A smartphone app is aiming to help make filing for unemployment easier. Currently, millions of people have lost their jobs due to coronavirus, which has led to massive backlogs at state unemployment offices. The app, DoNotPay, wants to streamline this process, as CEO Joshua Browder told TODAY on Wednesday.
"What we realized is the government systems are stuck in the 1960s," Browder explained. "So we've built a new system. We've gone back to the 1960s." The app, which is free to download, also features a chatbot that asks questions to help users gather the information necessary to apply for state unemployment insurance. It also mails in a paper application or will submit the information by fax or through the respective website during off-peak hours.
The app had previously offered services like parking tickets disputes, navigating small claims court and skipping customer service lines, but the newly developed unemployment feature is available without cost. Browder also stressed that he and his six employees made sure the service is compatible with all 50 states' unique unemployment process. Even states that require a phone call to their office, DoNotPay has a feature where a bot will make a call and even remain on hold, then forward the call to users when a representative picks up.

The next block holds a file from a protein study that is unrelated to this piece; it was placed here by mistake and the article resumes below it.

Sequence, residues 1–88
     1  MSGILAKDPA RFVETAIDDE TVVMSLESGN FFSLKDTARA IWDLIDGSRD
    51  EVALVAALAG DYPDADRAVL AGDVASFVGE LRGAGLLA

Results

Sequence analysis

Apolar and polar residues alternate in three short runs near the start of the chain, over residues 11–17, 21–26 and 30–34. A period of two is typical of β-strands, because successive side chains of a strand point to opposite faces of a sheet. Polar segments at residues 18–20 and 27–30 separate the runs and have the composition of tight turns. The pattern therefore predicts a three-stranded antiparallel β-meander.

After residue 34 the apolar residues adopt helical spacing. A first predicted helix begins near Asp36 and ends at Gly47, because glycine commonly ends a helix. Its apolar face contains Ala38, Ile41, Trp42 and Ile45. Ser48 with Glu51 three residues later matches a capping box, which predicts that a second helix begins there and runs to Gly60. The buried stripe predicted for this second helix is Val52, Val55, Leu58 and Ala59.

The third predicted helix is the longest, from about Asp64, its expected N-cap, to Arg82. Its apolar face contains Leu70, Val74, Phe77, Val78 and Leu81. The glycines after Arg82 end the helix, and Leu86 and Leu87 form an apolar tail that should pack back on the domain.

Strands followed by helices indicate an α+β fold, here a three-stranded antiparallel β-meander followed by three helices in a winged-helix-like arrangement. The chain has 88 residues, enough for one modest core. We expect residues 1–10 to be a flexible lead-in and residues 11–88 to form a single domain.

"It's almost like paper voting,'' Browder said about his service. "That idea can be applied to other areas of bureaucracy where it's actually more secure and efficient in some strange way."
Currently, roughly 10 percent of the U.S. workforce has filed for unemployment, according to Business Insider. Among the hardest-hit have been the public-facing businesses, including bars, restaurants and gyms. Particularly those that have been forced to close by state and local government orders, all of which was done to help slow the spread of coronavirus. Currently, the social distancing guidelines put in place by the federal government are in place through the month of April, although that could change.
The federal government is planning an additional 10 to 12-week stimulus package, in addition to the $2 trillion CARES Act to soften the blow. The CARES Act also includes individual stimulus payments to every adult, which have started hitting banks accounts over the past few days. The process has not been seamless, however, as the IRS website went down on Wednesday due to the overwhelming amount of traffic they received with people tracking their stimulus payments.